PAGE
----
After winning the Van Isle, we set our sights on the Vic Maui race from Victoria Canada, to Maui, Hawaii this last July. The spacing of the races allowed us to upgrade the boat to new safety requirements, train the crew and optimize our sailing plan.

The Vic Maui was a 13+ day race for us with unique conditions comprising 10 days of upwind beating (highly unusual wind conditions), large winds and sea states as a tropical storm collided with the normal Pacific high, days of light-wind frustration and a final three days of riding the trade-wind craziness.

We corrected over our competition and became the first boat to ever win both the Van Isle 360 and the Vic Maui races (and hold both titles at the same time as they run in off years). With the boat in Hawaii already it seemed like the best opportunity we would ever have to enter the Sydney Hobart.

Sailing is a big part of the Pacific Northwest [experience] and it feels great to be only the fourth boat from [Seattle] to ever make the effort to get to the Sydney Hobart. It felt like a shame to just sail her back home [from Maui] when there was new water and new adventures waiting farther ahead.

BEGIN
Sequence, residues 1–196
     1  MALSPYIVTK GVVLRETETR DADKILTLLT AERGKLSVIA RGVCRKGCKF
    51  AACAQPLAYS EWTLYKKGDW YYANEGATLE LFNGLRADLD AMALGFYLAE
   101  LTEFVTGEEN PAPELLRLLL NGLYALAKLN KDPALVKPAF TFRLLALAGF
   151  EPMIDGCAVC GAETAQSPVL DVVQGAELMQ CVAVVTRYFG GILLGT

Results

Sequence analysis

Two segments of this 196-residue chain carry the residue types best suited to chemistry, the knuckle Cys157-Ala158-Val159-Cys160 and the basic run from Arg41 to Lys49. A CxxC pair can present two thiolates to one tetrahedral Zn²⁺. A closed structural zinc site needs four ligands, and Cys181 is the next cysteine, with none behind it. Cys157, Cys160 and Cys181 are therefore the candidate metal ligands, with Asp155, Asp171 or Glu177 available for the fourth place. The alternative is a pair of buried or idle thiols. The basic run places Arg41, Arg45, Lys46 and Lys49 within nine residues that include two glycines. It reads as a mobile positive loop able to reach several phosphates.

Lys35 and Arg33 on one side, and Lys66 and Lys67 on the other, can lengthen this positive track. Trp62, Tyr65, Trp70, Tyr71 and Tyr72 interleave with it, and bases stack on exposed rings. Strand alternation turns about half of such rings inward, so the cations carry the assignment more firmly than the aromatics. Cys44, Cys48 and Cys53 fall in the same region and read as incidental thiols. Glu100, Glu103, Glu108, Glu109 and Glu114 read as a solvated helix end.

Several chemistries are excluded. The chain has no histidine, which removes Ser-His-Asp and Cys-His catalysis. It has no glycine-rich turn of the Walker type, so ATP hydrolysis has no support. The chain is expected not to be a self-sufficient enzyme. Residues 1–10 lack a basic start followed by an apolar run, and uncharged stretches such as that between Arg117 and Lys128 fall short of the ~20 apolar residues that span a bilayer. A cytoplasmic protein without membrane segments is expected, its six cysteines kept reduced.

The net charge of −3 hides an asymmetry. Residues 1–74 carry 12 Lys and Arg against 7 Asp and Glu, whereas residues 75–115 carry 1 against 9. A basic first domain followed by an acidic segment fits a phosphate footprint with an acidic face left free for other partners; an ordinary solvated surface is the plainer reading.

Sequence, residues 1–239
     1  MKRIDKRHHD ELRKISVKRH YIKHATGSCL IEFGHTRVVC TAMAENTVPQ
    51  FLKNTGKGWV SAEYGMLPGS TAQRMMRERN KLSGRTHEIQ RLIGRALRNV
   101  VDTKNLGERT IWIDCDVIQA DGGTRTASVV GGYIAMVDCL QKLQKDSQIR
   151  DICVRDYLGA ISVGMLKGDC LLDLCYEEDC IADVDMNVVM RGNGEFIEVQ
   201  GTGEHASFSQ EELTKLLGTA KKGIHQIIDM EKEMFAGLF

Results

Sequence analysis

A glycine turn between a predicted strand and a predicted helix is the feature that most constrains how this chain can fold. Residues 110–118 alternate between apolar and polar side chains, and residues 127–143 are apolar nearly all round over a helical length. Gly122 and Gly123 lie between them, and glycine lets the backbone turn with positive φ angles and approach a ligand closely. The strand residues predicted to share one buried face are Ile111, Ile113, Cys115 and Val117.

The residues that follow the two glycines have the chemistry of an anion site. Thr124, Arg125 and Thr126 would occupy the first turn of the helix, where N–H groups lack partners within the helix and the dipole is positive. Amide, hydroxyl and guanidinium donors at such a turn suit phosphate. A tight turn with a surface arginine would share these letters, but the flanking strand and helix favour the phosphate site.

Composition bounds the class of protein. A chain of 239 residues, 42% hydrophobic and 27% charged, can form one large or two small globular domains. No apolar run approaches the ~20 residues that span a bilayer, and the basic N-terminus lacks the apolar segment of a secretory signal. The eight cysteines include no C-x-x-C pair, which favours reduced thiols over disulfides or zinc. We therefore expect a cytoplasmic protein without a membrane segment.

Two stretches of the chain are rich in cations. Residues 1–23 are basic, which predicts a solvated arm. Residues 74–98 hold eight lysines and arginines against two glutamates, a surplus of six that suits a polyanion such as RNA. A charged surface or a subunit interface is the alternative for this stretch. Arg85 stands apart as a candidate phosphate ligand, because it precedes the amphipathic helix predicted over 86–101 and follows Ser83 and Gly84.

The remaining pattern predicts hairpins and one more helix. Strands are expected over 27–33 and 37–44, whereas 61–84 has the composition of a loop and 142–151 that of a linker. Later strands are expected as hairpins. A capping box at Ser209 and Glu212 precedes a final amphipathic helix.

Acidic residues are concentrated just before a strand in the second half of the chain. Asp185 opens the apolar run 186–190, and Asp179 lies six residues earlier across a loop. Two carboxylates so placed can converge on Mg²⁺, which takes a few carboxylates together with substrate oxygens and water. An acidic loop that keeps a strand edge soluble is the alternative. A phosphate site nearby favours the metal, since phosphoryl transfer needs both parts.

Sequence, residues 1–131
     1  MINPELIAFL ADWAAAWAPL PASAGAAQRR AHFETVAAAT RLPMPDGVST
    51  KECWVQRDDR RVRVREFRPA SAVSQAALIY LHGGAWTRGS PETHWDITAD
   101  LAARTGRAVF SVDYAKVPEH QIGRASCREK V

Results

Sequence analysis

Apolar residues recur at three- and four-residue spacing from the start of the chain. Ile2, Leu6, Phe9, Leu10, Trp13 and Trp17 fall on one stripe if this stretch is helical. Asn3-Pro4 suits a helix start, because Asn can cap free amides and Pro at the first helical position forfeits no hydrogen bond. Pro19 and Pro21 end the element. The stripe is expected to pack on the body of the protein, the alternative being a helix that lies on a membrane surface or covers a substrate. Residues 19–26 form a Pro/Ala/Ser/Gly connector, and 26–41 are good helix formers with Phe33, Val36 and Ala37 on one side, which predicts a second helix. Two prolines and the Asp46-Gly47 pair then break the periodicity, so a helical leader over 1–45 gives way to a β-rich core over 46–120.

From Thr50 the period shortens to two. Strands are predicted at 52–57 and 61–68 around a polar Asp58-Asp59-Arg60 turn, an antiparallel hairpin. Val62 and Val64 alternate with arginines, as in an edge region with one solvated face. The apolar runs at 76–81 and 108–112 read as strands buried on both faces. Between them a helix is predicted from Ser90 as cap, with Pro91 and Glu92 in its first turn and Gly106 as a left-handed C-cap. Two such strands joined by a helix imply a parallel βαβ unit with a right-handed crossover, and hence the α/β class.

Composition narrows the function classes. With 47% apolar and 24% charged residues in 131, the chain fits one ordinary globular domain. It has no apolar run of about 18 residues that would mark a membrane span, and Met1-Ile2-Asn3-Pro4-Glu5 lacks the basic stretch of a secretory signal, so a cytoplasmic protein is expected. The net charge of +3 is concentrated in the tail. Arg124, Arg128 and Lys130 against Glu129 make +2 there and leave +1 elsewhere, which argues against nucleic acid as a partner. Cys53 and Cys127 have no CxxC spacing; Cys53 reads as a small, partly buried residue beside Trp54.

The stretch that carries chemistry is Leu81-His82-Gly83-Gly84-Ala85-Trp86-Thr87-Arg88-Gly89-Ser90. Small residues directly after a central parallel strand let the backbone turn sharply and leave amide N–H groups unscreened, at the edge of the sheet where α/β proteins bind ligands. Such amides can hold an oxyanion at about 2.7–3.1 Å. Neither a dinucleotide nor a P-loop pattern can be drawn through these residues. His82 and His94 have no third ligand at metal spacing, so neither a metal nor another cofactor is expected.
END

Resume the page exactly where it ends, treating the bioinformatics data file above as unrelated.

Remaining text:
There are other great races to do and we are already to start planning for what will happen after Sydney. We’re beginning to like the idea of shipping the boat to the Atlantic and competing in some of the iconic races available there.

My end goal is to race across the oceans against the best competition available, and to never have to sail the boat back home.

How long have you had the boat, and what other big events have you done with it?

I ordered the boat new four years ago and had it built to my specifications by J/Composites in France. My father and I did the final inspection in their yard and then we had it shipped here to Seattle.

Since then, we have done hundreds of local races with her including the Vic Maui, Van Isle 360, multiple Swiftsures, Southern Straits, Center Sound Series, Winter Sound Series, Around the County etc. We have steadily been able to improve as we have learned the boat, replaced all of the systems with our own and I’m excited to see what this crew can do with her.
J/122E Joyride off Seattle's Olympic Mountains
Joy Ride on her home waters of Puget Sound - photo © Jan's Marine Photography